Gas Prices Dip as Autumn Doldrums Begin

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The national average price for a gallon of regular gasoline fell 2.4 cents in the past week to $2.23. The median price remained unchanged at $2.199, and the average difference between the highest 5% of prices and the lowest 5% prices is now $1.052. One year ago, a gallon of regular gas averaged $2.199 in the United States, some four cents a gallon less than Monday morning’s benchmark.

Gasoline prices have dropped below $2.10 a gallon in 10 states: Oklahoma ($2.000), Texas ($2.006), New Jersey ($2.009), Arkansas ($2.042), Louisiana ($2.052), Missouri ($2.055), Mississippi ($2.058), South Carolina ($2.069), Kansas ($2.078) and Alabama ($2.099).

Four states still show averages above $2.50 a gallon: Hawaii ($2.879), California ($2.773), Washington ($2.696) and Alaska ($2.592).

Falling prices may just be beginning according to GasBuddy:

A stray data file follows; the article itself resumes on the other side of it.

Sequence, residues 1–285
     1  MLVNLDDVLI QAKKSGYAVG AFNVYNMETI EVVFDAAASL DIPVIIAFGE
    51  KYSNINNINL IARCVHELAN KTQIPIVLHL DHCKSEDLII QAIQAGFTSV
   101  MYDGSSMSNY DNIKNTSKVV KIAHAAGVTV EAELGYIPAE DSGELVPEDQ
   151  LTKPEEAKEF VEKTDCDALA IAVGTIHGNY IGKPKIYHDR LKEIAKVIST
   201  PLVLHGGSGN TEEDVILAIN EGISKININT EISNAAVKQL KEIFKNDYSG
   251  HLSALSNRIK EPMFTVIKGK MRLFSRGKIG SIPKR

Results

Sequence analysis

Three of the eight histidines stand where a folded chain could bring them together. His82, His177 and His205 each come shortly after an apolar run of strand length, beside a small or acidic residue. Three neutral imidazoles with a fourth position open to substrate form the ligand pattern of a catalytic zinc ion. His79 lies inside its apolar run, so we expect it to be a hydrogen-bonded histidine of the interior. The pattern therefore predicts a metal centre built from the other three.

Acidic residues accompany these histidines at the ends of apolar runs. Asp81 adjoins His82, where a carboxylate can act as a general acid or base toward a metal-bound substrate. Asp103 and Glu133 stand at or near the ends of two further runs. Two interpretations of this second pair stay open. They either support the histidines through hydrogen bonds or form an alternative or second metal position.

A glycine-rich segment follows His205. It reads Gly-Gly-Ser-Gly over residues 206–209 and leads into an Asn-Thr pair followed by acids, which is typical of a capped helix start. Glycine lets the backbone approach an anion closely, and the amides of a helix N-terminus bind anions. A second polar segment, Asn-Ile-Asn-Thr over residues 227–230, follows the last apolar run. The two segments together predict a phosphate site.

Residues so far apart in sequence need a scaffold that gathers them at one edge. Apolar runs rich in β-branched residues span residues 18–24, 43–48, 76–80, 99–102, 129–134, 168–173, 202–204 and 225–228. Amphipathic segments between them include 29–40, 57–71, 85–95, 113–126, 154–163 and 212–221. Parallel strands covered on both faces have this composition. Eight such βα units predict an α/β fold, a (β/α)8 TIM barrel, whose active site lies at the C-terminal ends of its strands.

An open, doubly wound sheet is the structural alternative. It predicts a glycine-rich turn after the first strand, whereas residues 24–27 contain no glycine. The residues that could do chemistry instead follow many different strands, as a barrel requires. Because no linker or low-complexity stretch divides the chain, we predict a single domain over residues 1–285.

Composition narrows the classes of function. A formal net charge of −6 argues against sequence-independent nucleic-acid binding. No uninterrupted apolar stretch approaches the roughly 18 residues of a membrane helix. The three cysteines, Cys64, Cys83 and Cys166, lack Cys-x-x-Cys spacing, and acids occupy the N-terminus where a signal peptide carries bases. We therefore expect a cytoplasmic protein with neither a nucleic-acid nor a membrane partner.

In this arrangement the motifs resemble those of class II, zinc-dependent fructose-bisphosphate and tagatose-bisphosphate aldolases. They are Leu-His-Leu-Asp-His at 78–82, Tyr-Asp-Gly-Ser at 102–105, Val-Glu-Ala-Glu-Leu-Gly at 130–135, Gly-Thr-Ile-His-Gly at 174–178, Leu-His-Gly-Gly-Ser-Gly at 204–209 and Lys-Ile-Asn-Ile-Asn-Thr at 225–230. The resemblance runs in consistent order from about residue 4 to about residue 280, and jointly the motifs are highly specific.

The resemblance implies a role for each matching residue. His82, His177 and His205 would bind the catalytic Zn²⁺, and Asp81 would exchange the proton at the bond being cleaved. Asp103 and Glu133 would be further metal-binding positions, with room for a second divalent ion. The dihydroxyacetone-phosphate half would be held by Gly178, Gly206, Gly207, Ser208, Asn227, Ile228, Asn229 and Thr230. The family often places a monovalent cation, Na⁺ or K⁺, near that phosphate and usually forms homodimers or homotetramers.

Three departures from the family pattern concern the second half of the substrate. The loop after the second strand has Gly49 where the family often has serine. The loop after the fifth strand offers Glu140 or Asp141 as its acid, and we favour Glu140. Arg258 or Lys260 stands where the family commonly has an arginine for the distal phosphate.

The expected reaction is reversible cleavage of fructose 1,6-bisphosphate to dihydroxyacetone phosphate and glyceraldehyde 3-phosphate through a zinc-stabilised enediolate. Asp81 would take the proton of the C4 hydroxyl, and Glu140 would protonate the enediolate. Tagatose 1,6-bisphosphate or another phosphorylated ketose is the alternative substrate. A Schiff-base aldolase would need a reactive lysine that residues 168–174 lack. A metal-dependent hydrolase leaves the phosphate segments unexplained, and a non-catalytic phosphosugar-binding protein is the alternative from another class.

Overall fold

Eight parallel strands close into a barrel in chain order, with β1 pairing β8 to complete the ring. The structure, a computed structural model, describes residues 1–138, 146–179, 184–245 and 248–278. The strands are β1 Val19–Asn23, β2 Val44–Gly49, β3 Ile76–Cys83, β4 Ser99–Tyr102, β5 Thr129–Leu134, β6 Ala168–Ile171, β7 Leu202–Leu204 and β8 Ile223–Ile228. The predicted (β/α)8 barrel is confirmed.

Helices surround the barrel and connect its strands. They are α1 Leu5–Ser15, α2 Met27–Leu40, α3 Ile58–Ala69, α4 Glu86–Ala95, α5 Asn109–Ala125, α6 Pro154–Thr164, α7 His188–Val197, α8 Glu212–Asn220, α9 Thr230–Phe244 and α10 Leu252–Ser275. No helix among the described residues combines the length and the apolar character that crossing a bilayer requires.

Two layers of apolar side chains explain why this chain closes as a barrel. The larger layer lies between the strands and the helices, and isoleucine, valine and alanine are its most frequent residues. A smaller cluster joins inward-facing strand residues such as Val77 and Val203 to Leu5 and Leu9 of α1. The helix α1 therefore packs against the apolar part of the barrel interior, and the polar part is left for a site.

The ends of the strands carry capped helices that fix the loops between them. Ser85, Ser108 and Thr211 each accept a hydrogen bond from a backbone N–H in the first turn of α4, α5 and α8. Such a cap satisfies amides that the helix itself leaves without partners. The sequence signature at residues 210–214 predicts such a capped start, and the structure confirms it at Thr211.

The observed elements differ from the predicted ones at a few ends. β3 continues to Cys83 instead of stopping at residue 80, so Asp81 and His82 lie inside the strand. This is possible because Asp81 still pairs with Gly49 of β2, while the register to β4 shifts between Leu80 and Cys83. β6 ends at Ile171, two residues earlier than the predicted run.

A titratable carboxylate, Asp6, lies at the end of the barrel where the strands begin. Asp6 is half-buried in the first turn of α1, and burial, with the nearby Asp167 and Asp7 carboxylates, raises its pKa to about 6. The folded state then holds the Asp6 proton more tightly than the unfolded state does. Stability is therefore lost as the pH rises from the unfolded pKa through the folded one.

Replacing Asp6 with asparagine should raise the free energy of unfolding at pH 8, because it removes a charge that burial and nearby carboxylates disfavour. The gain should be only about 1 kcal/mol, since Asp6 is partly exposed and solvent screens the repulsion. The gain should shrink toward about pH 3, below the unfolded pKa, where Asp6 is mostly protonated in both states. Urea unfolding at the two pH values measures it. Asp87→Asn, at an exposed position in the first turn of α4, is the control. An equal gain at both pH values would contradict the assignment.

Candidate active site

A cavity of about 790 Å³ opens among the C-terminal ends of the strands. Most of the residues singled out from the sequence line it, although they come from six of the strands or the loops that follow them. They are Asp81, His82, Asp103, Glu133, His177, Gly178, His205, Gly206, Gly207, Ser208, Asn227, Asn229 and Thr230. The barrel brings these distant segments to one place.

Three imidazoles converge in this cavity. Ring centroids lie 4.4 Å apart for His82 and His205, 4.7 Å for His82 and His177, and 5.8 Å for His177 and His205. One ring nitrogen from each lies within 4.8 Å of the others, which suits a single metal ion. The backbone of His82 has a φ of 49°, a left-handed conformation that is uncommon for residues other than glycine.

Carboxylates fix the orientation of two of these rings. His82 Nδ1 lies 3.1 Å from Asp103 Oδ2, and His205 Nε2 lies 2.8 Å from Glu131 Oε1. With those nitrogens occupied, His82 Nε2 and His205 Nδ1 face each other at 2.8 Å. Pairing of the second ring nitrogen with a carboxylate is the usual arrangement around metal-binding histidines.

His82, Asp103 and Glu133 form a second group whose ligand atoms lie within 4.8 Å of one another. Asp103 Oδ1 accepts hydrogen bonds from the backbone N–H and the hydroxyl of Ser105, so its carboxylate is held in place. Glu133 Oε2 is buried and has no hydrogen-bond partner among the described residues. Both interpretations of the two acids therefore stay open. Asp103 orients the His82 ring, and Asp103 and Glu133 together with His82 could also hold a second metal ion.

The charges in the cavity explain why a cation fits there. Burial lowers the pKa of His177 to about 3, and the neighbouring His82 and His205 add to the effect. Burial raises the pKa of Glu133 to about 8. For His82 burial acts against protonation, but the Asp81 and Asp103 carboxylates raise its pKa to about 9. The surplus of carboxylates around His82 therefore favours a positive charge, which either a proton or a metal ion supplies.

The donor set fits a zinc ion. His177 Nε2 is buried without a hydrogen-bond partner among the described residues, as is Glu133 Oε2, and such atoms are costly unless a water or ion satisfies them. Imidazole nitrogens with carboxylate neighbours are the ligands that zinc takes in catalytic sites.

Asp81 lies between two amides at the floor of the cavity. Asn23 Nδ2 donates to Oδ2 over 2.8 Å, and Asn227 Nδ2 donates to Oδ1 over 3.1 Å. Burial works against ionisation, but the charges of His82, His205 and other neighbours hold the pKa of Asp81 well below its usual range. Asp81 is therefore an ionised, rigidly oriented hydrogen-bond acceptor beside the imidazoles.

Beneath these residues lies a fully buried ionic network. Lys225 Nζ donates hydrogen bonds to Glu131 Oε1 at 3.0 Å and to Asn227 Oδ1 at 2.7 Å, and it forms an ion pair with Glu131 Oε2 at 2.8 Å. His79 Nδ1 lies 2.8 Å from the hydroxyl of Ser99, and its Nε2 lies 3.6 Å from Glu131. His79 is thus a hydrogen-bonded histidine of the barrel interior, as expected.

[I]n the U.S., gas prices have finally begun to move downward as refinery maintenance season begins to wrap up, leading to more gasoline production at a time of year that demand is waning. Average gas prices declined in nearly two-thirds of states over the last week, led by the Midwest, where unplanned maintenance at BP’s Whiting, Indiana refinery wrapped up. Indiana saw their average price decline nearly 15 cents per gallon to $2.14 per gallon, while Ohio fell 13 cents to $2.15, Michigan fell 11 cents to $2.22 and Illinois fell 9 cents to $2.26.

The five metro areas with the lowest gas prices are Lubbock, Texas ($1.936); Warren County, New Jersey ($1.945); Corpus Christi, Texas ($1.949); Joplin, Missouri ($1.950); and Le Flore-Sequoyah, Oklahoma ($1.959).

The five U.S. metro areas with the highest prices are Kahului-Wailuku-Lahaina, Hawaii ($3.287); San Luis Obispo, California ($2.926); San Francisco, California ($2.909); San Rafael, California ($2.869); and Los Angeles, California ($2.828).

Getting off to a rough start in electronic trading Monday morning, West Texas Intermediate crude oil for November delivery traded down about 1.3% at $49.69, following an increase of about 1.3% last week to more than $50 a barrel. Both crude oil and refined products inventories remain well above their five-year averages.

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